The M.E. community were shocked and saddened to hear of the death of M.E. warrior Jennifer Chittick yesterday (24th May 2019). Jenni had endured severe M.E. for a decade, was bedridden and reliant on her parents for care. We don’t know the cause of death, but to lose your life aged just 31 is absolutely tragic and my heart goes out to her family and friends.
Just a day before she died Jenni had been the subject of an excellent article in the Daily Mail newspaper on the abuse and neglect faced by M.E. patients. Her story echoed mine and her tragedy could so very easily have been mine.
I became severely affected by M.E. aged 26. I lived alone and was told by my GP “we don’t have enough home care workers for people with cancer so you stand no chance” and I was just left to look after myself, despite the fact I once spent 4 months barely able to open my eyelids. For 6 years I crawled to the loo on my hands and knees and never cleaned my teeth. My Mum made a meal for me every day, after working full time, and my Dad drove across town with it in the car on a tray for me – it’s the only nutrition I had other than cereal and the odd smoothie.
At one stage I was so ill I simply couldn’t manage any longer at home alone. My GP arranged for me to be admitted for respite care to the neurological rehab wing of my local hospital. There were no doctors there and I was mostly looked after by physios – this was a ‘rehab’ ward after all! I didn’t know then that I had Ehlers-Danlos syndrome, and I was told it was brilliant I was so flexible! I had huge problems eating solid foods, not least due to oesophageal spasms (now known to be due to mast cell disease) and gastroparesis (now known to be due to hEDS), so the psychiatrist was sent for and she told me I had anorexia, despite the fact I was starving, wanted to eat but was just too ill to. I had a seizure in the presence of a nurse one day and she didn’t touch me or send for a doctor …………I’m sure if I looked at my notes it would have some psychological explanation, even though I couldn’t move my entire right side for a whole day afterwards. I was given no help with bathing, despite the fact it was one of the things I struggled the most with. In the end, after 3 weeks of zero help and disbelief, and being looked after by a girl who used to bully me at school, I discharged myself and went back to living at home alone. It was pure luck I survived the next decade, both physically and mentally.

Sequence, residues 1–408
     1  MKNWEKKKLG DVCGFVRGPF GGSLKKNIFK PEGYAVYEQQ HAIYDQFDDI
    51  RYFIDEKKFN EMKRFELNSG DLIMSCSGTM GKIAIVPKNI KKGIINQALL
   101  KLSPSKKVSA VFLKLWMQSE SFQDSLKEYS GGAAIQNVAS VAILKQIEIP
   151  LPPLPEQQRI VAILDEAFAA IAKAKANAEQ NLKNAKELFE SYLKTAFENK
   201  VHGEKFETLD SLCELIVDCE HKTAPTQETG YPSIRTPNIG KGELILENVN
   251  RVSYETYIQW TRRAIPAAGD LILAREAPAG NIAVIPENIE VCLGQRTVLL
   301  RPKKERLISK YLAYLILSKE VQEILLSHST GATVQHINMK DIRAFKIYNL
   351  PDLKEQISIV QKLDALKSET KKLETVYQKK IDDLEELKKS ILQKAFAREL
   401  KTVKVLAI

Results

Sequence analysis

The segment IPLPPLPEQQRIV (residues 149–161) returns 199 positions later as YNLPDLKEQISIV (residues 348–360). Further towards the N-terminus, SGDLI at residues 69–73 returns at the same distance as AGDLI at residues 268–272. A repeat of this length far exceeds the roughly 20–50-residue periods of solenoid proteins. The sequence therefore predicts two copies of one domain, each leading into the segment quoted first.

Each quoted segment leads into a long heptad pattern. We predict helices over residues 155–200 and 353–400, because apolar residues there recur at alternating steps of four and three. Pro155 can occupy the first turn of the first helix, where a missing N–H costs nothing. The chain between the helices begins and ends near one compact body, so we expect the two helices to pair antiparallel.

My experience happened back in the late 1990s/early 2000s. It makes me furious that the situation hasn’t improved in the intervening two decades. Just because a cause hasn’t yet been found for the disease shouldn’t mean we are treated as subhuman or denied basic care and compassion. The denial of M.E. as a physical disease, and the neglect and abuse of patients, will eventually be uncovered as one of the biggest scandals of modern times.